After leaving the museum I shared a taxi back to the hotel. We were supposed to have lunch on our own, but I didn’t think I had enough time for that so I skipped lunch.

The next activity on the schedule was a bus trip (or coach to use the UK term) to Leixlip Castle. We meet in front of the hotel at 2:20 p.m. and boarded a small bus. Unfortunately the driver experienced some problems operating the bus. I think it was something with the hand brake not disengaging. He had to pull over a few blocks from the hotel. He was very disgusted with his employer as they could do nothing to help him. He couldn’t even get another bus. This forced the Irish Repertory Theater team to form a new plan. Some people chose to go back to the hotel. Some people took taxis to go to the Leixlip Castle. But a third option was to visit the Museum of Literature Ireland (MOLI) which was nearby as we were parked off St. Stephen’s Green. I am more into literature than history so naturally I choose to join a small group to visit the Museum of Literature Ireland (MOLI). This group was lead by Anna Collins and there were only four of us. In a way this was quite fortunate because I definitely would not have wanted to miss this museum, but probably would have neglected to find time to visit it on my own given all the other planned activities.

The first thing we saw in the museum was some sort of homage to Brendan Behan. I’m not a big fan of this playwright, but I did read his plays decades ago. The homage was in a sort of chapel and there was even an altar to the great man. The audio recording seemed like pure paddywhackery, an amusing term I found in the Wikipedia article on Stage Irish.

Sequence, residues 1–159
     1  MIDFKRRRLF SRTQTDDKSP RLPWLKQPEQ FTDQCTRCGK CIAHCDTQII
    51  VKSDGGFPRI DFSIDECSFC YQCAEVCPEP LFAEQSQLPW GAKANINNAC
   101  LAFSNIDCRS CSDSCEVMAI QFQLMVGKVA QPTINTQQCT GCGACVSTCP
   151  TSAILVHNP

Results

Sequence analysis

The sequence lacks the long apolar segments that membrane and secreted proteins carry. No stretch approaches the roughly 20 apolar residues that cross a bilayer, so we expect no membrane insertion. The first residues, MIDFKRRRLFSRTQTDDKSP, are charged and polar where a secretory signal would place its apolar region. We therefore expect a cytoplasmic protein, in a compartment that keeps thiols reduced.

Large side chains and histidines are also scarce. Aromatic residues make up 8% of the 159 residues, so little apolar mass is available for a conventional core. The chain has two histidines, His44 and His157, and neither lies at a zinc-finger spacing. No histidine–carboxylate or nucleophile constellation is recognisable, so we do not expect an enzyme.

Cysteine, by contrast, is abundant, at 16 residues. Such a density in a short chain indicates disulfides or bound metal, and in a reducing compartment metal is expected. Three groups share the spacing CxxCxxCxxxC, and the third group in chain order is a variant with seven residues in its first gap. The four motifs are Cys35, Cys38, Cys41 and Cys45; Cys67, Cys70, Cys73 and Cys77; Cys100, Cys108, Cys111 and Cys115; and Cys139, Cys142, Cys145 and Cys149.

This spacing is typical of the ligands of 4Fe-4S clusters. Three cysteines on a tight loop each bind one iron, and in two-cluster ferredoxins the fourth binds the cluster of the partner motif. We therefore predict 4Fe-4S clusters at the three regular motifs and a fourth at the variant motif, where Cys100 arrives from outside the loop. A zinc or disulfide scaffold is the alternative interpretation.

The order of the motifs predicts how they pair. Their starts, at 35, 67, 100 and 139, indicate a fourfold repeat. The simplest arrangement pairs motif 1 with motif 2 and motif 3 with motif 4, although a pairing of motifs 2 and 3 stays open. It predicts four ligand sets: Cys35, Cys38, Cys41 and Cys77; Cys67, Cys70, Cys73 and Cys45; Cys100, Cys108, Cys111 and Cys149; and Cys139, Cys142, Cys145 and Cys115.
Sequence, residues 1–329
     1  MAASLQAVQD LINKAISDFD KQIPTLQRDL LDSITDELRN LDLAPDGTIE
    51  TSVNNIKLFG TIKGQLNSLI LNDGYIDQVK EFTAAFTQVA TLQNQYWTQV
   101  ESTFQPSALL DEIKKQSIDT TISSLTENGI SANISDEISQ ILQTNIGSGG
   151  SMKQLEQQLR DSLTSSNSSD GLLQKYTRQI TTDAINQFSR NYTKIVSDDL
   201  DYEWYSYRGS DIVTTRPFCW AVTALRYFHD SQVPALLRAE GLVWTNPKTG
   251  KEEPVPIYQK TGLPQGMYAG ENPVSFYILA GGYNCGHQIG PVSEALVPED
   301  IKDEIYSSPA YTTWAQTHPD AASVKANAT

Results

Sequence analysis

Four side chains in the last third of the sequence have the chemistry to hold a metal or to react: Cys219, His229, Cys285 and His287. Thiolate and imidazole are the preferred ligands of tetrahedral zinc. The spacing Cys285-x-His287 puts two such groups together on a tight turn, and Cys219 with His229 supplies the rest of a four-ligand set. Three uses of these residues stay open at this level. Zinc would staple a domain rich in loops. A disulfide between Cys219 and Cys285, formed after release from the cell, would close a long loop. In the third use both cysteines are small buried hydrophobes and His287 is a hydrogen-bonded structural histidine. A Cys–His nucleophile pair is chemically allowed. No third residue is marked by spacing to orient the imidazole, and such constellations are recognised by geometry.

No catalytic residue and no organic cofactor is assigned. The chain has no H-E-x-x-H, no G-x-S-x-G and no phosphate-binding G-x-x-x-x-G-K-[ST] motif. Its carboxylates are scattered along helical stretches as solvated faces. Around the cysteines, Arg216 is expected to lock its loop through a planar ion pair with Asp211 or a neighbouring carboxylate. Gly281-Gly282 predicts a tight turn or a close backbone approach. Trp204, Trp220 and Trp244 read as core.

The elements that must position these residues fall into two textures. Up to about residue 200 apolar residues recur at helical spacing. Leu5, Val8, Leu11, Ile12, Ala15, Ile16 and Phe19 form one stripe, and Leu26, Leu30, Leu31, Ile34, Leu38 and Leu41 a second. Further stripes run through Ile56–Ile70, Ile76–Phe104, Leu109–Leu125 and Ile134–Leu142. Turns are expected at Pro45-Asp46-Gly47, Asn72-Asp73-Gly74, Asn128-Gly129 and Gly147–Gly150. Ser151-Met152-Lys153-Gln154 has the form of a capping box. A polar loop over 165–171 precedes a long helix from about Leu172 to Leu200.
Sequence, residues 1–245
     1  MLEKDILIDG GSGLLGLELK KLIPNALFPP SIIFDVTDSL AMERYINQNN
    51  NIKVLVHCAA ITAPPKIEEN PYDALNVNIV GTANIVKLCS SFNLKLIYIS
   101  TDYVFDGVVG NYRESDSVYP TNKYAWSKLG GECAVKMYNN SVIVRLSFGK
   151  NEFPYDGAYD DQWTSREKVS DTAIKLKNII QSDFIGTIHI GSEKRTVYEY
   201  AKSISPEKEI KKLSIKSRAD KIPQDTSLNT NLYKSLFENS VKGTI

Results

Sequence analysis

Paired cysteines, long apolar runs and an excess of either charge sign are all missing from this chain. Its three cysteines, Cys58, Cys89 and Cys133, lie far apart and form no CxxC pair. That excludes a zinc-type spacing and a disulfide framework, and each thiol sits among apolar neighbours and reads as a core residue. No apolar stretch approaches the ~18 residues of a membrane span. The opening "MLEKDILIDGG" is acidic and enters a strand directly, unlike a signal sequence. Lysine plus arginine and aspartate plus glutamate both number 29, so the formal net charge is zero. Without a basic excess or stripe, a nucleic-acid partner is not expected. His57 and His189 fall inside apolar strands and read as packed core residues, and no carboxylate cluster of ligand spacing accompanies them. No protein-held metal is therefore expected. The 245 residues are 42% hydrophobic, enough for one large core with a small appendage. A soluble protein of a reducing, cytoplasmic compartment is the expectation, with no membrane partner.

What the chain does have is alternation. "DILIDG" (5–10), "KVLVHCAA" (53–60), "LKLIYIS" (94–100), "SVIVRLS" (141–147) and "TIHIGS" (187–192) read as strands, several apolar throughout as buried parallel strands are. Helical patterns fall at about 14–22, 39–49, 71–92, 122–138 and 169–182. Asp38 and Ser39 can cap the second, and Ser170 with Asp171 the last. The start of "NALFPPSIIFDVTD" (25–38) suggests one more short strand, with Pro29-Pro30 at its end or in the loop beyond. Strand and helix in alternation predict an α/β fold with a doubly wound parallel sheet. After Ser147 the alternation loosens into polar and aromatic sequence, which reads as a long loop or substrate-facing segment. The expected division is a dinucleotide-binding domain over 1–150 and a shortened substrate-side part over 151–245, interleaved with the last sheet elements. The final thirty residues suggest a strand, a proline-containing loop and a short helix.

After that we came across the sort of inventive museum exhibits that are typical of museums on literature or writers. Typically there will  be some writing in neon floating about the room and microphones or telephone headsets for audio recitations. There was even a model of the city with markers for Bloomsday pilgrims and an extensive timeline board on James Joyce. I read Ulysses decades ago and remember nothing about it. However, I am slightly more familiar with his years in Paris because it intersects with the history of many other major figures in literature. I pointed out a photo of the Shakespeare and Company book store to Anna Collins and mentioned that I have been there. I also mentioned that there was a recently published fictional account of Sylvia Beach’s role in getting Ulysses published but I could not remember the title or author. It was The Paris Bookseller by Kerri Maher. I have this book but it did not occur to me to read it before making my trip. I also pointed to a photo of George William Russell (AE), the visionary poet and great mystic whose bust can be found in Merrion Park, but Anna Collins was not familiar with his work. To pick him out was almost too telling, but I won’t explain that. It would have said much to a very perceptive or curious person. I almost forgot to mention that there was an art film projected onto a wall featuring snatches of the stream of consciousness from either Ulysses or Finnegans Wake.